• Grenfell Tower disaster: how did the fire spread so quickly?

    In the middle of the night, while most residents were sleeping, a devastating fire started at Grenfell Tower in London. From an engineering perspective, there are a number of factors in the design of the 24-storey tower block that may have contributed to the speed and scale of the blaze. Most of the current guidelines across the world contain detailed design requirements for fire safety such as evacuation routes, compartmentation and structural fire design. But Grenfell Tower was built in 1974. At that time, the rules and regulations were not as clear and well-developed as they are now.

  • New materials to make buildings better, safer

    A new type of construction material, called cross-laminated timber, is currently approved for buildings with up to six stories. Designers would like to use it in taller buildings because it is environmentally sustainable and can speed the construction process. To use it for those taller buildings, the industry needs to understand how the timber would perform during a fire. NIST experiments are measuring the material’s structural performance and the amount of energy the timber contributes to the fire.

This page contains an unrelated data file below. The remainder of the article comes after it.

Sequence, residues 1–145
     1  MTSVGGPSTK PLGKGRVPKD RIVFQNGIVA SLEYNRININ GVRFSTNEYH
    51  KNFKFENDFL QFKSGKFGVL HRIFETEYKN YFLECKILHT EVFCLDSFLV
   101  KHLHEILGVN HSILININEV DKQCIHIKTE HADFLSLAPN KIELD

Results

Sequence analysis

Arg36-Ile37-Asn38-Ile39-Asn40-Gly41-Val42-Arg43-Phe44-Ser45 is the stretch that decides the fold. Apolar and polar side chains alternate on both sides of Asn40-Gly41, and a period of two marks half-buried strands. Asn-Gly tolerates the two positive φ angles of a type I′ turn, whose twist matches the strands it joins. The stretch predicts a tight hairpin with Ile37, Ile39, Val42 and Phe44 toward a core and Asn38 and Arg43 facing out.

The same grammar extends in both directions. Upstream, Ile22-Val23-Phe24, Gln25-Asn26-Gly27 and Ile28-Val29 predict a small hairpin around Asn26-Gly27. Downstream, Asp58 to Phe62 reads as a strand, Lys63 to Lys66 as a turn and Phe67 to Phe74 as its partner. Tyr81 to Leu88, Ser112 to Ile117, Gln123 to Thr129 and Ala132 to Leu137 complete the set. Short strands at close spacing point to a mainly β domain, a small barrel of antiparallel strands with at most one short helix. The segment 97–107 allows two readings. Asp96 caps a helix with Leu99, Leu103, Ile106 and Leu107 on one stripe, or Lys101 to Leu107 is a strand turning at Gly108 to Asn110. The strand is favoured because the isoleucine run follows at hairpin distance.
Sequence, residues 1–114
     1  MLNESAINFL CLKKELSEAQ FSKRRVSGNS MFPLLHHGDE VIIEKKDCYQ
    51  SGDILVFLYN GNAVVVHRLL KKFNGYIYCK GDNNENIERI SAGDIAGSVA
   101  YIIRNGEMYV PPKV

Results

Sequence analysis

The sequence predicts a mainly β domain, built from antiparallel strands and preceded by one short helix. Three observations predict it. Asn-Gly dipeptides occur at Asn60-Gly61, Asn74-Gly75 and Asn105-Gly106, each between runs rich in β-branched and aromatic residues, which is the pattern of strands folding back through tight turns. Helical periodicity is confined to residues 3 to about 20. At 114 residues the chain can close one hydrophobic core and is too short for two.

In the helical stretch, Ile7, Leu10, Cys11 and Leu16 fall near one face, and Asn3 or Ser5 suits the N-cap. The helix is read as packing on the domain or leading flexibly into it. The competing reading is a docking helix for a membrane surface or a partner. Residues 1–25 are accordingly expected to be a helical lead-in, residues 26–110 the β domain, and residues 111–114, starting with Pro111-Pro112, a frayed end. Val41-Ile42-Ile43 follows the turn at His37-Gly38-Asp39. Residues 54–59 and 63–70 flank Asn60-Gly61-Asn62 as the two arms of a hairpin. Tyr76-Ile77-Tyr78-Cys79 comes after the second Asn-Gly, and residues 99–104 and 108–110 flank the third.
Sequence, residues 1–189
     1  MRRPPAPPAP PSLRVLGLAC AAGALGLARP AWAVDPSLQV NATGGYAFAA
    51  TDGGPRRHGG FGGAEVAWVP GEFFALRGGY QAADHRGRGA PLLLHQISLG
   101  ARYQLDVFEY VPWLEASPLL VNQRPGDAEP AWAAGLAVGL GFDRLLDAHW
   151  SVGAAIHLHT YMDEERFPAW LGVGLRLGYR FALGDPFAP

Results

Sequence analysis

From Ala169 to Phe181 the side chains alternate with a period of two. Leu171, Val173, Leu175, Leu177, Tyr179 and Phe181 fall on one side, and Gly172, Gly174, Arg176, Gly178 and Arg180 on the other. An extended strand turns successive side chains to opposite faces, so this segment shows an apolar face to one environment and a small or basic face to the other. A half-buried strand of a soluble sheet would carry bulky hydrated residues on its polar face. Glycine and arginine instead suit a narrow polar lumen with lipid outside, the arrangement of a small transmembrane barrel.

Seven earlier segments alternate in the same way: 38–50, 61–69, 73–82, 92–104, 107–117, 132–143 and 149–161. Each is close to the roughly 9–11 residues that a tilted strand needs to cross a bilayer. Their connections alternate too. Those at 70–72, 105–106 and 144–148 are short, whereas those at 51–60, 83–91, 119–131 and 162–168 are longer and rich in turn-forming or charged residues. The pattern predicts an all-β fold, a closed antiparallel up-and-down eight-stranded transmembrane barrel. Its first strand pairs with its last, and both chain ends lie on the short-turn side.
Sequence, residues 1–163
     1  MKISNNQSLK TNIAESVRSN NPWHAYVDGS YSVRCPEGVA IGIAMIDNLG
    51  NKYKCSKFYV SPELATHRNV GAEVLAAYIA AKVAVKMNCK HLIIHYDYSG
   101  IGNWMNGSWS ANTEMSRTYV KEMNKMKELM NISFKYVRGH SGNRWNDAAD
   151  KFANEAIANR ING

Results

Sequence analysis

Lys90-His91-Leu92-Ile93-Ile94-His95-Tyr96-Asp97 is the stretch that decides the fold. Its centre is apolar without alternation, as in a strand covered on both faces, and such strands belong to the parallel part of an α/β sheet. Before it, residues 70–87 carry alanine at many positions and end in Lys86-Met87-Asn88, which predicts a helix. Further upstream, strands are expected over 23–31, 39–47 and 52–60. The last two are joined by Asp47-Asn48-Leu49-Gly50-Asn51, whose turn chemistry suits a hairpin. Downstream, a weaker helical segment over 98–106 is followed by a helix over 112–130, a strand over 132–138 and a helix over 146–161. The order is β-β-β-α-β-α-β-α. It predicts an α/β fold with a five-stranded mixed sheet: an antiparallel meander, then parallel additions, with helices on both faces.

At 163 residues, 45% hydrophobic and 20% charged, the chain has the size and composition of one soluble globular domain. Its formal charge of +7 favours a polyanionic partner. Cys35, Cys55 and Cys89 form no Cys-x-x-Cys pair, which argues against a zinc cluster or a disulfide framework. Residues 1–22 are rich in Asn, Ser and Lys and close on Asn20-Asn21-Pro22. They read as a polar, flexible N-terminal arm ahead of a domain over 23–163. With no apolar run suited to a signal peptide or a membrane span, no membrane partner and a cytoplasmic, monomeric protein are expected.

• Navy tests new mine-detection drone

    The new Mine Warfare Rapid Assessment Capability (MIW RAC) system is a portable, remote-controlled system that can detect buried or underwater mines during amphibious beach landings. It’s designed to help explosive ordnance disposal teams quickly find mines and dangerous metal obstacles within coastal surf zones and very-shallow-water zones. MIW RAC consists of a one-pound quadcopter outfitted with an ultra-sensitive magnetometer sensor system to detect mines and provide real-time search data to a handheld Android device.


  • Four things schools can do to help tackle extremism and radicalization

    The terrorist attacks in Manchester and London renewed discussions about how to stop young Muslims being radicalized. A lot of the ideas focus on closing down social media sites, reporting “at-risk” individuals or organizations, and educating pupils on the evils of extremism. But while it’s important to be having these types of conversations, most of these suggestions are reactive. If there is any chance of stopping it, there has to be understanding of its roots, along with long-term strategies to undermine the causes. And as most terrorists are “home-grown” – in that they are often born and raised in the country they then go on to attack – what happens in schools may well be critical.